Should You Get a Second Dog?
A few things to consider before expanding your fam by four more paws.
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Your dog is getting older, likes playing with other dogs, and doesn’t like being left alone. You want to give your dog the best life possible and have heard a dog buddy is the key. So, should you get a second dog?
People often wonder this, but here’s the thing: If your thoughts of getting another dog are motivated primarily by a desire to do right by your current dog, there are other ways to accomplish that. Adding a second dog to your household is a big decision, and only you can decide if it’s the right thing to do.
Here‘s some solid advice: Only bring another dog into your life if you want one. The responsibility of caring for a new dog will be on your shoulders, and the decision should be based on what you honestly feel you’re willing and able to handle.
As you know, dogs require a big commitment of time, money, and emotion. It’s critical that your entire household is in agreement about getting a second dog, and the reasons for adopting another one should involve more than a desire (however well-intentioned and heartfelt) to make your current dog happy. In other words, don’t do it if your main reason is to fix a problem your current dog is having, or to fill some absence in their life.
Once you decide that you truly want another dog, here are some factors to consider.
Will Your Dog Be Happier With Another Dog?
Some dogs, including older dogs, are thrilled to have a new dog in the family. Many times, I’ve seen older dogs enjoy new dogs, whether the new dog is an adult, an adolescent, or a puppy. Sometimes, the addition of a younger, more playful dog will reinvigorate an older dog. They become more cheerful, more vibrant, and somehow more alive in their golden years, which is a beautiful thing to see.
On the other hand, I’ve also seen plenty of older dogs who are not happy to share their space and their people with a new dog. They end up irritated, and what should be a peaceful time in their life may be less serene because they are bothered too much by a pestering puppy.
This is where considering your dog’s perspective comes into play. There’s no way to know for sure, but there are clues you can use guess how your dog may react to a second pup.
If your dog generally likes to play with other dogs, seems happy to see them while out on walks, and has positive encounters with other dogs, they are more likely to welcome a new dog. If your dog is easily able to handle other dogs being around their food and toys, that also means they may enjoy a new dog.
If your dog enjoys other dogs briefly and is then ready to get away, they may not enjoy having another dog in the house all day, every day. If they have arthritis or other chronic pain, they may also find it physically uncomfortable to have a play buddy around all the time. If they object to other dogs coming up to you, seeking your attention or being petted by you, your dog may struggle with having another dog in the family.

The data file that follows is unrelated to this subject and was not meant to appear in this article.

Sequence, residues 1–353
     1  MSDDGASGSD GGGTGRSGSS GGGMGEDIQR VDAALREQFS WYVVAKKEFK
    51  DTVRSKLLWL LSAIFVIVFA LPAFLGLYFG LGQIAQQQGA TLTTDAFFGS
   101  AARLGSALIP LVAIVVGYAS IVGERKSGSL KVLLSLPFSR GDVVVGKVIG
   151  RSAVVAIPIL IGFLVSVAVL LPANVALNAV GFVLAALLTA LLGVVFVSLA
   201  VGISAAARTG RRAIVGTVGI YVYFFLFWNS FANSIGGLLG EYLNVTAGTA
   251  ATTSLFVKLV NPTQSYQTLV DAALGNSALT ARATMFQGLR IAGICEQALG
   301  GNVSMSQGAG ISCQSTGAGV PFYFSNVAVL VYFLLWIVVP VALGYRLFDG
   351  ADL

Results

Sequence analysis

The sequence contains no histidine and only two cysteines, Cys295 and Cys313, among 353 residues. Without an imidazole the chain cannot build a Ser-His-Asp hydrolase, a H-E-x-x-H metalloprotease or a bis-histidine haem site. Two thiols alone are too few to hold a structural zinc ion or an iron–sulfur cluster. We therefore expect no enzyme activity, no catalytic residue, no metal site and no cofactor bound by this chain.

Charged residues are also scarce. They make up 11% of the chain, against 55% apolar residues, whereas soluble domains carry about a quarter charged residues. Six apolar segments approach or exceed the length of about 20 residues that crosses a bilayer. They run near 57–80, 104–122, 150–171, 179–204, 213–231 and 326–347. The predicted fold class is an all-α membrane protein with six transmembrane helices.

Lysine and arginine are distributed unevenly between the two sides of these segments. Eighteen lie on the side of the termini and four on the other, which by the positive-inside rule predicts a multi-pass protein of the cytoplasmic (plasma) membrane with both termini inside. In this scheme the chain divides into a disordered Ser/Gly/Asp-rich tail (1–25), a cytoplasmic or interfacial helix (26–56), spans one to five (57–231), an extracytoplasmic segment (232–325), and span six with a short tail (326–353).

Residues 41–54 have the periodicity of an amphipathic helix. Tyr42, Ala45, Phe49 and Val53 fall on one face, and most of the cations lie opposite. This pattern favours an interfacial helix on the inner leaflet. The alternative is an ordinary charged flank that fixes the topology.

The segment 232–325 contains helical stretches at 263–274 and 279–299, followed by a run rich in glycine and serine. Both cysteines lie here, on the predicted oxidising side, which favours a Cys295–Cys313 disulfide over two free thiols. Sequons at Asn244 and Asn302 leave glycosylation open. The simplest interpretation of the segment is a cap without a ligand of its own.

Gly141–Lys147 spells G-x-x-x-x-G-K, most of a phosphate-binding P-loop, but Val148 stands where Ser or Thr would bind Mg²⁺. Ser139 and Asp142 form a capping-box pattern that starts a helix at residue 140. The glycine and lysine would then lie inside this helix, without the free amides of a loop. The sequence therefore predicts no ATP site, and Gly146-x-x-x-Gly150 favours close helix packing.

These potential issues are not deal breakers, but they mean that you’ll likely need to do more work once you’ve brought a new dog into the house. It may also mean that the dogs will need to be separated in certain situations or for some part of each day.
How to Choose the Right Sibling for Your Dog
If you decide to adopt a dog, choosing one who is compatible with your dog will increase the chances that the addition will have a positive impact. Two traits to consider are activity levels and play style.
If your dog wants to play for five minutes a couple of times a day and the new dog wants to play constantly, that will pose a challenge to their relationship. If your dog likes to wrestle and the new dog is all about chase games, that will require more compromise and teamwork than if they both enjoy tug, for example.
Age and size matter in some cases, but they are not necessarily as important as other qualities. Dogs of different ages and sizes can be the best of friends, but similarities in those categories may make it easier for them to develop a strong friendship.
And then there’s the sex of the dogs. Millions of people have two female or two male dogs, but adopting a dog of the opposite sex is often advised, as it tends to reduce the risk of fights. While there’s no clear evidence related to how important gender might be in this situation, many behaviorists (I include myself here) anecdotally report that most of the worst cases of intra-household fighting tend to involve dogs of the same sex. So, in the spirit of making all things equal, if you already have a male dog, consider adopting a female.
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Karen B. London, PhD, CAAB, CPDT-KA
Karen B. London, Ph.D., is a Certified Applied Animal Behaviorist and Certified Professional Dog Trainer who specializes in working with dogs with serious behavioral issues, including aggression, and has also trained other animals including cats, birds, snakes, and insects. She writes the animal column for the Arizona Daily Sun and is an Adjunct Professor in the Department of Biological Sciences at Northern Arizona University. She is the author of six books about training and behavior, including her most recent, Treat Everyone Like a Dog: How a Dog Trainer’s World View Can Improve Your Life.